We examined documents related to the people enslaved by Henry Flowers here. A look at the estate records of his father John Flowers, who died in 1806, reveals that several men and women had been held by the family for almost half-a-century.
Dr. John Vick and William Moore were administrators for John Flowers’ estate. As was common, they hired out four men (and rented out two plantations) for the years 1806 and 1807.
On 5 December 1807, a committee prepared a valuation of the twelve African-Americans comprising Flowers’ human chattel. They were Primus ($250), Peter ($450), Abram ($400), Frank ($425), Toney ($300), Jacob ($150), Will ($125), Annis ($5), Nell ($300), Dorcas ($300), Mourning ($200), and Joan ($175).
The same day, the committee divided the enslaved into four lots, and Flowers’ heirs drew for them. The first lot — Primus, Nell, Annis and Will — went to Flowers’ widow, Judith, who had remarried to Edward York. The second lot — Peter and Dorcas — went to Claiborne Mann for his wife Nancy, Flowers’ daughter. The third lot — Abram, Mourning, and Jacob — went to son Edward Flowers. The last — Frank, Toney, and Joan — went to son Henry Flowers.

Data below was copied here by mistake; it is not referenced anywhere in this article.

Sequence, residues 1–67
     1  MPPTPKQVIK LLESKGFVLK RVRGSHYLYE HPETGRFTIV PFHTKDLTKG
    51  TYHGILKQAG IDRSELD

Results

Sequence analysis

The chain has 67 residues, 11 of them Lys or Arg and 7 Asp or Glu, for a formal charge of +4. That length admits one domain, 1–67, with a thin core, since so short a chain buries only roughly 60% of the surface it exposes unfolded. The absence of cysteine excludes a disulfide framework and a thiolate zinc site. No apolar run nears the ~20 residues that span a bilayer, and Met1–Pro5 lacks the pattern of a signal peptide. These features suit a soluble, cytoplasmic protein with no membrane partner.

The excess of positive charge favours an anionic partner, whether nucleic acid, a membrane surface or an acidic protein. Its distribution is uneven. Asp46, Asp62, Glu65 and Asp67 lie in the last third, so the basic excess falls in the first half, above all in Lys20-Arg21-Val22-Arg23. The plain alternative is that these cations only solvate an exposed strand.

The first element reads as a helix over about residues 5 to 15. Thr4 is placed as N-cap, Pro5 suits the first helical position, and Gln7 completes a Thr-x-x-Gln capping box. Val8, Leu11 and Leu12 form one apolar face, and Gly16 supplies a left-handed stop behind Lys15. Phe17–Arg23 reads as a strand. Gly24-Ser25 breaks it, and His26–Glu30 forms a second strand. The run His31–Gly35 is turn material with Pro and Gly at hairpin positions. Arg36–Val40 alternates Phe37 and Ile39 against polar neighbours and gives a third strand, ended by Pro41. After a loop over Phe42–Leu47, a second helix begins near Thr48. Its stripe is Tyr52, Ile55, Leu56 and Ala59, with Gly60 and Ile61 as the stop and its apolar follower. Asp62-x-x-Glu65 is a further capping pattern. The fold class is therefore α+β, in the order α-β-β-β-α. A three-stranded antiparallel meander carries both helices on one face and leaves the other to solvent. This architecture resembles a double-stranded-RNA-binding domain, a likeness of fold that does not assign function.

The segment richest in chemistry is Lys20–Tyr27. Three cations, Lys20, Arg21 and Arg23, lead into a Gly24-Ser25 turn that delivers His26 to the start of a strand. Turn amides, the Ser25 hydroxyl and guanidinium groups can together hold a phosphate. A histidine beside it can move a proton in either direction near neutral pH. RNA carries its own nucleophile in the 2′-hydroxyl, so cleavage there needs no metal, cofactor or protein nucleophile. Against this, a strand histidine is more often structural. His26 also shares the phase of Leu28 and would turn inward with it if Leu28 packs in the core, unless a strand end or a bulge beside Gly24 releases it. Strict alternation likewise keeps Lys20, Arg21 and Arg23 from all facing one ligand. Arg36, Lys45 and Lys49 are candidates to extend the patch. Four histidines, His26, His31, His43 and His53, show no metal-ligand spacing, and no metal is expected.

Nell, Annis, Peter, Abram, Toney, and Frank, and Jacob share names with enslaved people listed in Henry Flowers’ estate. In 1807, Nell was a woman in her prime. She is likely the Nelly who died forty years later during the probate of Henry Flowers’ estate. However, Annis, whose valuation in John’s estate likely indicates old age, appears to be a namesake for the other Annis listed with her children in Henry Flowers’ estate records. Census records indicate that the latter Annis was born between 1810 and 1818. Similarly, Henry Flowers’ Peter was born well after John Flowers’ Peter. There is insufficient evidence about Abram, Toney, and Frank.
John Flowers Estate File (1806), Nash County, North Carolina Wills and Probate Records, 1665-1998 [database on-line], http://www.ancestry.com.
Thanks again to Katherine Elks for alerting me to this rich trove of documents.